It’s late and I can’t sleep. Having just survived The Great Puke Apocalypse of 2013, I’m worried about the next few days. How am I going to make it through the rounds of holiday festivities and a week-long visit from my mother-in-law? I don’t feel prepared. I’m behind on everything, and the house…oh the house.
I’ve been working lately on trying to recognize and name my needs. I need a tidy house. This is hard to admit, because some part of my brain scoffs loudly and says that when you become a parent you abdicate any right to non-sticky floors or clean (let alone folded) dish towels (that you can actually find because they are in a drawer instead of toddler-tucked in with the pots and pans or tupperware).
But…I know it is a need (rather than a nice-to-have) because of the small flame of fury that leaps in my belly when I notice week-old banana mush congealed to the arm of the high chair. I tell myself: this isn’t a health hazard. It’s just disgusting. LET IT GO. But oh that flame, oh that fury.
It is hard to be all ho-ho-ho and welcome-friends in this condition. Plus: PMS. Plus: did I mention…Puke Apocalypse? And the tree fell over? TWICE. Broken glass ornaments and a sopping wet area rug. Also, we are out of cat food.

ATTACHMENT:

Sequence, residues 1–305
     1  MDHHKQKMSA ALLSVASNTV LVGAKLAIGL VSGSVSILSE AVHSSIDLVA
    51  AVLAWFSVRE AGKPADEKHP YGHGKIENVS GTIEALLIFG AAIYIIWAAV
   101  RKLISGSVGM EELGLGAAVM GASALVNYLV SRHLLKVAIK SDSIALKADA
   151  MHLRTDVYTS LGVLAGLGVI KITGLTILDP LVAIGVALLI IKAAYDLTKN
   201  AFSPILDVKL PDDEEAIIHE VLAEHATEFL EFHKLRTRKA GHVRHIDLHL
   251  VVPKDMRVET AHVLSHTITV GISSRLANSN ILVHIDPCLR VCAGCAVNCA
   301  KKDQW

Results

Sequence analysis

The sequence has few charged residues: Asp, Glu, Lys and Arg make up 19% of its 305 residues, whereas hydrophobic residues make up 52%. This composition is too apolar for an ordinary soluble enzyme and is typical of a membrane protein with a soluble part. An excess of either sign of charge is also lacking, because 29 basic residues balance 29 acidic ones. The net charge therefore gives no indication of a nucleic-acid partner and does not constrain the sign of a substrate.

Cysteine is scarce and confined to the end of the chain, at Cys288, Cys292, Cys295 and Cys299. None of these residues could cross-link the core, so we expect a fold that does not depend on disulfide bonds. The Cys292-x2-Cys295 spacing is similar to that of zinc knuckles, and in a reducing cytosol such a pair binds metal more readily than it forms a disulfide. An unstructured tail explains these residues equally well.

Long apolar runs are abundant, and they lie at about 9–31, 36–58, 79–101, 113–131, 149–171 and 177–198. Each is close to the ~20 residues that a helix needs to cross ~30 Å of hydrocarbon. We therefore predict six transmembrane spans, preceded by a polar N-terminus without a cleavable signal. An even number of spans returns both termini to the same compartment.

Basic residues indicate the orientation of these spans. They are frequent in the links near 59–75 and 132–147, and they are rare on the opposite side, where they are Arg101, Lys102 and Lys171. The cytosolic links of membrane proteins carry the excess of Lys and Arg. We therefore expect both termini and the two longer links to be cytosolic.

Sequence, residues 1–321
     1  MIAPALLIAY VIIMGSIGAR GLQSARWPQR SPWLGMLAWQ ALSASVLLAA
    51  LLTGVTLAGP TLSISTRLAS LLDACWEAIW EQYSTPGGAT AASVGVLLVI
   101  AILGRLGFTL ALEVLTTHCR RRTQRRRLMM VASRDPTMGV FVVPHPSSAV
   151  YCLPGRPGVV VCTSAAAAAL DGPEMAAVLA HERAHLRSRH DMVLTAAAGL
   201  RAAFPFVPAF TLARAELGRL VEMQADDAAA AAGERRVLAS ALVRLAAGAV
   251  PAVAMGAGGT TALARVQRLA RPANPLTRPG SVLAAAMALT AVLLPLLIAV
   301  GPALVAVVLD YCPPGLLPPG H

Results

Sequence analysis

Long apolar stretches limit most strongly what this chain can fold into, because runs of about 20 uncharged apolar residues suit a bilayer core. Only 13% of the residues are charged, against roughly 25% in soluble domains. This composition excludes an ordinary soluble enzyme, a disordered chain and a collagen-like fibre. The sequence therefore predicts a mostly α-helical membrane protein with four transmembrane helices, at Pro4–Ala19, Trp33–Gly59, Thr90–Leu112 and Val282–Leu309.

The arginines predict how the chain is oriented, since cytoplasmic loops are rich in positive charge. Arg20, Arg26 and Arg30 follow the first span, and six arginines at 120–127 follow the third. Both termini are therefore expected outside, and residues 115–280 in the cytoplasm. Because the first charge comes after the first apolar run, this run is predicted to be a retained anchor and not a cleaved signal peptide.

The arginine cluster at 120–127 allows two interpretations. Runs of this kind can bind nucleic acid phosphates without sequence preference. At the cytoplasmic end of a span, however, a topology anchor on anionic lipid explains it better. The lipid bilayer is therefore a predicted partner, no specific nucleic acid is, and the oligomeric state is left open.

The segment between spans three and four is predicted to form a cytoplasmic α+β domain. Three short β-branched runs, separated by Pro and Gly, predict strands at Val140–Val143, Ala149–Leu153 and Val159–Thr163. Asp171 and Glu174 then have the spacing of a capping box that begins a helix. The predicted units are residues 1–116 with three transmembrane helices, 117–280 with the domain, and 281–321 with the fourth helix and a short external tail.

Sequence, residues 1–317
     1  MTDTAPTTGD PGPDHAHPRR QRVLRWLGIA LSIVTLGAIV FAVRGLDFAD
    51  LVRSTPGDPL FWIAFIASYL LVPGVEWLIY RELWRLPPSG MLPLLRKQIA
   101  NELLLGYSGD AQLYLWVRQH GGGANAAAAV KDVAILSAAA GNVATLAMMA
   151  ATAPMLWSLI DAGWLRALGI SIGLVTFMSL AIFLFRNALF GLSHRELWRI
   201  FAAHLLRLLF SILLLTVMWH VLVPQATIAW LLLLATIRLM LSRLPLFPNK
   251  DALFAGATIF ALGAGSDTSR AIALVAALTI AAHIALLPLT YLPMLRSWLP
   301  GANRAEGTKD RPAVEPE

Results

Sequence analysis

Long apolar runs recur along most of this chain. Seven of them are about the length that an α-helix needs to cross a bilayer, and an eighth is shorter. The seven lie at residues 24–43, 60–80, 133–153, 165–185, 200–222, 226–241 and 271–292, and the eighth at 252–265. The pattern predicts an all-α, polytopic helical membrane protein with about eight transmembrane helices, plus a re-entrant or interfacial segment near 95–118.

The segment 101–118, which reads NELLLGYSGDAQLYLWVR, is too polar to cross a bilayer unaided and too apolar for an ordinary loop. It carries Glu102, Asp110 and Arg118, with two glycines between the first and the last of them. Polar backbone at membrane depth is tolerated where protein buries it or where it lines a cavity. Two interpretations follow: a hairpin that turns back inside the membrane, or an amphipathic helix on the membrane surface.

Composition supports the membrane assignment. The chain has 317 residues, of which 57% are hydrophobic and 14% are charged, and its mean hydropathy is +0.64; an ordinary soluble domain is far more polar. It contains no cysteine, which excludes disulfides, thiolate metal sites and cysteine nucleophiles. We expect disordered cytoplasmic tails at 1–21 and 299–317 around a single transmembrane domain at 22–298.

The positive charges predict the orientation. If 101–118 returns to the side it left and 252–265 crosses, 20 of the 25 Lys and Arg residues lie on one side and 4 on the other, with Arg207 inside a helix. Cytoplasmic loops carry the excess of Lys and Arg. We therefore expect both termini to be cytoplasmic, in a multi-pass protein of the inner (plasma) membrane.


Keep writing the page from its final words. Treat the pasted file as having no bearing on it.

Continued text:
All of that is just (kind of) funny. Here’s the hard part: I am actually not sure I can be a good parent in a messy house. It is akin to sleep deprivation. I am irritable, because I’m not getting what I need, and furious, because I resent the need in the first place. All these other wise mothers on the internet, they have messy houses, and they aren’t about to snap. What’s wrong with me?
Ok, but that’s an awfully judgmental question, right?
So maybe I can ask, with curiosity rather than shame, why? Why do I need a tidy house?
The answer came fast and just took my breath away.
To be loved.
Because if I am too messy, then I am not lovable. If I am messy, you will be mad and might hurt me.
I have proof of this, I do. So many memories, from childhood. (No, I’m not sharing, you’ll just have to trust me.)
But I’m not a child any more.
The people in my life now – my wife, close friends, my sister – they don’t care how messy or disgusting my house might be. I know this because they say so, and they act so.
So it suddenly occurs to me that there might be a different way, a new way, that I might help myself survive the week ahead. Instead of making detailed lists, breaking my back to clean, and then feeling guilty because I neglect my daughter in choosing mopping over cookie baking and storytime, I could experiment with telling myself: Elizabeth, your house is a mess AND you are lovable.
In fact, you are messy and lovable.
You talk a lot and are lovable.
You obsess over details and are lovable.
You sing off-key and are lovable.
You ___________ and are lovable.
I just practiced saying these things out loud, and it feels really different…in a good way.
In fact, it feels a little like a miracle, like an incredible gift I just gave myself. Maybe THIS is what that whole return-of-the-light-holiday-magic-God-come-to-earth-thing is all about. Loving and being loved. Just as we are. Just as we — this minute, right now, without any clean-up — are. Lovable. Loved.
Oh I hope so.
How are you lovable? Tell me!